I have recently been using a Morgan J7 Mouthpiece for my clarinet that my friend gave me to try, Prior to this I have used the Vandoren B45 Dot mouthpiece. The problem I have is with my Morgan mouthpiece. Because it is a fairly open mouthpiece, about as open as any mouthpiece out there available, the sound doesn’t seem as pure as with more closed mouthpieces. Is this because of the mouthpiece, or is it my embouchure giving me the breathy and fuzzy sound. (The problem is really only there when I play an open G or a mid level B … it is especially bad with the mid B and mid Bb, but I have had a problem with those notes on every mouthpiece I have tried). The fuzzy sound actually isn’t that bad, but it is not what I want to hear. I don’t have any teachers that I can get to right now, but I hope you can help me.”
Thank you for your question. It is a rule never to use extremes in mouthpiece openings. What for? You do not get a bigger sound with open and the opposite with a more closed opening.
But the real answer to your problem, (without actually hearing you play) is that it is you who are making the breathy and fuzzy sounds on the “open” G, mid B and Bb. Here are some possible reasons for your problem with the fuzzy quality:
Basically, we want to keep the throat from being too open when we make the sound of the clarinet. That’s right, the throat should be in the shape of the sound “eee”, not “aaaahhh”. This change will, or can, clear up those problems almost immediately.
A reed that is too resistant will also cause the same problems. Generally speaking a “medium” reed is best, and will give the clearest sound.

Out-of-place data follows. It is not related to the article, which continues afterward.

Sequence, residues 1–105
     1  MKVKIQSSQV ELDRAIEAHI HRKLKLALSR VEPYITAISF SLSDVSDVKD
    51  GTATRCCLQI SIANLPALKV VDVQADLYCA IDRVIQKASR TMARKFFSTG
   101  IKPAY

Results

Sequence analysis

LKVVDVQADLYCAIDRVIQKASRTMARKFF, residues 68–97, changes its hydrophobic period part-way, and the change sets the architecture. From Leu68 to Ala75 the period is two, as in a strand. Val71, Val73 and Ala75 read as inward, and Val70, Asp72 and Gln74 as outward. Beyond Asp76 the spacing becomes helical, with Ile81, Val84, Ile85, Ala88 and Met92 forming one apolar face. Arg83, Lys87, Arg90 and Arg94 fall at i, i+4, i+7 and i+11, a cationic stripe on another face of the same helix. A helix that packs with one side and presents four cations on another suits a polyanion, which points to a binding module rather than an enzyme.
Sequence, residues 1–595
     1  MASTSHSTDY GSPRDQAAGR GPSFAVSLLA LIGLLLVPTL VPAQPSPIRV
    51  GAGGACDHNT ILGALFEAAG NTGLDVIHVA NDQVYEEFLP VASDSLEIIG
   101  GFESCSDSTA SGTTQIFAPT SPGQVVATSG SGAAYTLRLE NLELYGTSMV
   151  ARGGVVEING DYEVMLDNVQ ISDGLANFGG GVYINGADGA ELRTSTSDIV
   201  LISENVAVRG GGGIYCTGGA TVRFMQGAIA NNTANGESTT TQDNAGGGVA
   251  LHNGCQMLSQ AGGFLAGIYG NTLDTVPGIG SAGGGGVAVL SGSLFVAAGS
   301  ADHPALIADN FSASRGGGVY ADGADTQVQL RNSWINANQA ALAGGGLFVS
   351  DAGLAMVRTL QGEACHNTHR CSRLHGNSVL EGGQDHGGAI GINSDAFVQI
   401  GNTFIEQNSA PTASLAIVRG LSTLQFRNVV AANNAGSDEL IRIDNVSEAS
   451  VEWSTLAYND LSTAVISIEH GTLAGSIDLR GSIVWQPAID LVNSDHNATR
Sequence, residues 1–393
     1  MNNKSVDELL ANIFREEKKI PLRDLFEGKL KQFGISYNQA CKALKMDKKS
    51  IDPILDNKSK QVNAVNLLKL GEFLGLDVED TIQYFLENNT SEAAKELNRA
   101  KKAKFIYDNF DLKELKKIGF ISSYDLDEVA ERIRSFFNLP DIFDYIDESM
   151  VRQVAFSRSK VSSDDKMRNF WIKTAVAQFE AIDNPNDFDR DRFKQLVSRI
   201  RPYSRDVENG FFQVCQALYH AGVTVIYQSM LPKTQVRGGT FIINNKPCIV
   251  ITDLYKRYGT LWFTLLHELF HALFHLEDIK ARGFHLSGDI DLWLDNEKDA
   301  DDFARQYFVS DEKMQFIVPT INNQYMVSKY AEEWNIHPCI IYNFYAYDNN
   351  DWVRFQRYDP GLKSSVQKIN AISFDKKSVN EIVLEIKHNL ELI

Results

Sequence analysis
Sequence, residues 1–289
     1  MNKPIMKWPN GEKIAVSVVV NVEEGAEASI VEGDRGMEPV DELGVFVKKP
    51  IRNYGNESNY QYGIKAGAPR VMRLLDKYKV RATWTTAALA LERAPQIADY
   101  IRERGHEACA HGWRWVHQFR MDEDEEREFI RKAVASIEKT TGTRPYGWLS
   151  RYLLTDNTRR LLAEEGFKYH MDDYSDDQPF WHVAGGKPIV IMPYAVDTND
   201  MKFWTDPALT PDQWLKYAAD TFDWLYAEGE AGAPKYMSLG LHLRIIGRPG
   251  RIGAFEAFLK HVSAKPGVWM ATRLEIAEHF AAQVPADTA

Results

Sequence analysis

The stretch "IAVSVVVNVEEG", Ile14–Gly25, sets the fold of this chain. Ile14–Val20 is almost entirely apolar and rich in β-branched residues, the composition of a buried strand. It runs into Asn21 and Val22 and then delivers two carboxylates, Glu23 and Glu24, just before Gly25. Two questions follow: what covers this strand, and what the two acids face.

Taking too much mouthpiece into the mouth can also cause the same problems, and you will also be quite sharp. Take as little mouthpiece into the mouth as to enable you to play all of the notes, no more. You will have more control.
Don’t try to get a “huge” sound. Get the sound that pleases you, and do not worry about quantity. Quality is what you want, and I know that you want quality because it is you who is finding the fuzziness in those three notes.
Finally, I will tell you a famous story about a great player in a symphony orchestra. A student came up to him after a concert and said that he had the most beautiful sound he had ever heard. The player looked very worried. The student asked him what was wrong. The player responded with, “Oh my, but I don’t remember which mouthpiece I was playing”.
The point of that story is that it is you, not the mouthpiece that makes the sound. Thanks for coming around my corner. I hope that I have been of some help